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There’s a great quote from Thomas Kayser, the organizational effectiveness consultant and author, that says:
“A meeting is an interaction where the unwilling, selected from the uninformed, led by the unsuitable, to discuss the unnecessary, are required to write a report about the unimportant.”
If this sounds how your salespeople view team meetings, it is clear your meetings are not achieving what they should. In fact, it’s likely that they are counter-productive. Instead of being influencing and engaging, your team meetings could be demoralising, and seen as a waste of time during which nothing is achieved.
These tips for running effective meetings should help re-energize your get-togethers and give them a new sense of purpose to your sales team.
Meetings are essential. Effective meetings serve to motivate sales teams, foster collaboration, exchange information, and share best practices. However, when they are run poorly, individuals, teams, and organizations suffer:
With nearly three quarters of managers believing that meetings are ineffective, it is wise to consider why. Here are seven reasons why meetings may fail to achieve their objectives:
If so many meetings are ineffective, perhaps you shouldn’t have meetings. Yet, they are considered essential, and quite rightly so. They should enable you to:
Lofty ambitions, but which should all be achievable in well-led meetings.
The benefits of running effective team meetings are very real. In a study published in the Harvard Business Review, July/August 2017, it was found that a new approach to team meetings showed:
These tips for running effective meetings could help you achieve similar improvement.
Hold meetings at the same time of the same day of the week or month. Help your sales team plan their diaries more effectively, and be certain of participation.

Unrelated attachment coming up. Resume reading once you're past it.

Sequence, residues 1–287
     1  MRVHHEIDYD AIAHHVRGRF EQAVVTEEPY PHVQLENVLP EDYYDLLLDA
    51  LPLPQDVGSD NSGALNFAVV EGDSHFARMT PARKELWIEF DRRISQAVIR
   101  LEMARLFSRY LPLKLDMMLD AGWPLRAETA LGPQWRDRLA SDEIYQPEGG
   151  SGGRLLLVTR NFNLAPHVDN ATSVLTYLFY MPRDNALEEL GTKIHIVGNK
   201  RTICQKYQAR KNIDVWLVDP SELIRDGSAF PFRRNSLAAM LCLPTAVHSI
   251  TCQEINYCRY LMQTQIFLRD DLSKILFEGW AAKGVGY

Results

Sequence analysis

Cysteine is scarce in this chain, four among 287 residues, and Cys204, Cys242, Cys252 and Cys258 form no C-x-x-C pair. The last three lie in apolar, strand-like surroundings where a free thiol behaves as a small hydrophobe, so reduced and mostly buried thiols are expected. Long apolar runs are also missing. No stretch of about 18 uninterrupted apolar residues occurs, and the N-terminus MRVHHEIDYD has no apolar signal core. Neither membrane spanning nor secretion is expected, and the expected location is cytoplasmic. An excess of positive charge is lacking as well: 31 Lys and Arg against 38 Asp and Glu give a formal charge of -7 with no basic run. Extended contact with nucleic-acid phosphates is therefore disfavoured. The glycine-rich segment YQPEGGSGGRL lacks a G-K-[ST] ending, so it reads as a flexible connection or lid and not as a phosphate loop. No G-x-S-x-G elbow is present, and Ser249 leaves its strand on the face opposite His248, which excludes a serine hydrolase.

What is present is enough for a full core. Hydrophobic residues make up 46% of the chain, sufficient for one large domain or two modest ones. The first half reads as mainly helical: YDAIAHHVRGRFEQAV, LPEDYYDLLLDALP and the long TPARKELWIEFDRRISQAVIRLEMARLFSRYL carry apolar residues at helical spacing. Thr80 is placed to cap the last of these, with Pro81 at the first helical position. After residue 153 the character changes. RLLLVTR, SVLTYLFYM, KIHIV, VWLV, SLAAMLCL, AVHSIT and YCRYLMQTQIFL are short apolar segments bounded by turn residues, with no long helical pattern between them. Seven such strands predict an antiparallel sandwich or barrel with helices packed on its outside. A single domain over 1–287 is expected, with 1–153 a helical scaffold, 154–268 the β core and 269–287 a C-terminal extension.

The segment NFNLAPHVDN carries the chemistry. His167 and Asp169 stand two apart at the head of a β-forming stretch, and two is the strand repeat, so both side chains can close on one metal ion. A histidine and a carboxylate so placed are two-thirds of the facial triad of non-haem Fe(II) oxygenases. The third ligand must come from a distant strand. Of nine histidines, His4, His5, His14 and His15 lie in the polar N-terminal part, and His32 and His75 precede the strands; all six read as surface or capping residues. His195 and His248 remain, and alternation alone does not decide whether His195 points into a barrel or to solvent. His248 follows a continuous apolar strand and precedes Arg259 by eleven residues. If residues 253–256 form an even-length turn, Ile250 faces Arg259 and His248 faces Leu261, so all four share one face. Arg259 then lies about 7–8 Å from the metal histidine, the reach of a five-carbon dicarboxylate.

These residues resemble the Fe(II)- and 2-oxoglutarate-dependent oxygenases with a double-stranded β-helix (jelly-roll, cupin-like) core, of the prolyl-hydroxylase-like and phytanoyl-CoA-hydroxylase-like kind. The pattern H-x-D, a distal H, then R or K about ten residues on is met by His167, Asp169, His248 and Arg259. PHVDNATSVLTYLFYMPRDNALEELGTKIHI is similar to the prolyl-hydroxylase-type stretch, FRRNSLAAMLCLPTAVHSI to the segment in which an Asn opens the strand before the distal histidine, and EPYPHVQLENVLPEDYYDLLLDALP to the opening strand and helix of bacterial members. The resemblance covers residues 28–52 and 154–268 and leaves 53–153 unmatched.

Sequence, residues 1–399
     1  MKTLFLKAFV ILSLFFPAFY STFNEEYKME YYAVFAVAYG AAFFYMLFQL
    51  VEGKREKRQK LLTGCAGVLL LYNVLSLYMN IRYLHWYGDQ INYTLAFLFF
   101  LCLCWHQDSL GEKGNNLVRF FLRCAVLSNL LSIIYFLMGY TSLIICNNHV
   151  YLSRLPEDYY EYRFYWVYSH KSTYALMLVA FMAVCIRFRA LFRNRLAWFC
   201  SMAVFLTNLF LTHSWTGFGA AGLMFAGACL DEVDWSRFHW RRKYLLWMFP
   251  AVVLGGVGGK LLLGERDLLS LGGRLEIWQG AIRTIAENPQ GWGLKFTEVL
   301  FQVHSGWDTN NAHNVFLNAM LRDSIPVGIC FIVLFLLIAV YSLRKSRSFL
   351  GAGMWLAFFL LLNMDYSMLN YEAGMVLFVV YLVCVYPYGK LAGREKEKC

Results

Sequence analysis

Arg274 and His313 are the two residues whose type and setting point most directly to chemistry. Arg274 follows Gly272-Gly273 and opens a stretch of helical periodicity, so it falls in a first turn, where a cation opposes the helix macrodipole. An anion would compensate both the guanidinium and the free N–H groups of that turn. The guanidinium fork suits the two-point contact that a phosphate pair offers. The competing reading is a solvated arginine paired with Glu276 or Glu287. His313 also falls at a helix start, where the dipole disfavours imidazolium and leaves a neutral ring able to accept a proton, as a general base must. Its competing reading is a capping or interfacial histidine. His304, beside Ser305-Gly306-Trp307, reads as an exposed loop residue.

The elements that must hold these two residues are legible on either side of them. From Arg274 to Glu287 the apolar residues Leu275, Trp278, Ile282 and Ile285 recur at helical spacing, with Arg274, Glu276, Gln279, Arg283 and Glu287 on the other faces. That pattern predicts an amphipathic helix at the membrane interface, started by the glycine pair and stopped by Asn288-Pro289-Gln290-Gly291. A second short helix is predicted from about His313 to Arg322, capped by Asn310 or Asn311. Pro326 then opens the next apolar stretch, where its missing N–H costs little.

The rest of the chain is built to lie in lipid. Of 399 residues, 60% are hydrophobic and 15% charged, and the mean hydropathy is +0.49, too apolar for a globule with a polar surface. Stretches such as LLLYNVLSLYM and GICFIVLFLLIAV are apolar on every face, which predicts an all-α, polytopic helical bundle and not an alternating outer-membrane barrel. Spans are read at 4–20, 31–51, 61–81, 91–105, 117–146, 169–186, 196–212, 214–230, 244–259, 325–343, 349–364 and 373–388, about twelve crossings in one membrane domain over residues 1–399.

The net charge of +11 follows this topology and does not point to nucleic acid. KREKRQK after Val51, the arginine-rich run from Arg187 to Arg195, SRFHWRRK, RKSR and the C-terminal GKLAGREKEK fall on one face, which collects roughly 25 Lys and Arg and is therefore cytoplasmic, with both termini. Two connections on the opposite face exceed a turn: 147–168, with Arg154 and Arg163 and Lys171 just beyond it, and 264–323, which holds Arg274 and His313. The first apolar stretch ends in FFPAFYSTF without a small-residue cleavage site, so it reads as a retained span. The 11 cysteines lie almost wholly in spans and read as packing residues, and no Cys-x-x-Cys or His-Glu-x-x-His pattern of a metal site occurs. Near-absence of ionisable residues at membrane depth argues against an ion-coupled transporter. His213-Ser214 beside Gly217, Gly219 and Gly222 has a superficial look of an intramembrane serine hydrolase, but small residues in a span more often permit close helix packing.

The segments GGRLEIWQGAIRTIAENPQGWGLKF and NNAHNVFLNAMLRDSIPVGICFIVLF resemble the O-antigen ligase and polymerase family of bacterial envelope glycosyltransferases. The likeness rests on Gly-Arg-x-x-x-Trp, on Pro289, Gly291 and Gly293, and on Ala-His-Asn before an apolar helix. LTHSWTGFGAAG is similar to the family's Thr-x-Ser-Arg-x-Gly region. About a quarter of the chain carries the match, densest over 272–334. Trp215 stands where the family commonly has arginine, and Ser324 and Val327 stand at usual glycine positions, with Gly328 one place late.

Let people know what to expect and what is expected of them by keeping to a set agenda. What you should expect to be reported from team members is sales update, sales pipeline, and activity. Your team will have no excuse to come to the meeting ill-prepared.
You should make time to discuss company news and update on your markets and products. Finally, any items to be discussed that are not on the regular agenda should be added to ‘any other business’.
Let people know that they are expected to participate, and during the meeting ensure that people are listened to – and this includes by you. Encourage discussion of ideas, and engage the team in finding solutions to specific issues and problems raised.
When preparing the agenda for the meeting, make sure that it includes at least one item that will help the sales team work smarter and deliver on their goals: sales. This could be something from highlighting a new feature of a product to addressing a recurring concern of clients, or an online article that describes a new industry trend.
What is it that your best salespeople are doing that could help underperformers? What is your best-performing product or service, and are there synergies with other products that could be exploited further?
Include a team activity in the meeting. This could be a brainstorming session, a role play sales meeting, or a team building activity to energize communication. Something that engages the team to work together.
Ensure your meeting is highly focused and people stay on point by limiting duration of the meeting and each subject discussion. Ask of every item in ‘any other business’, “Does this need to be included, and does it add value?” and make sure that individual updates are kept concise and precise.
When time is limited and your team know that the meeting won’t overrun, and they know that they will get something from the meeting, they are likely to be more focused, participate more willingly, and leave the meeting more energized.
Contact us today, and discover how we could help sales team managers construct meetings that hit their targets and help their salespeople do the same.
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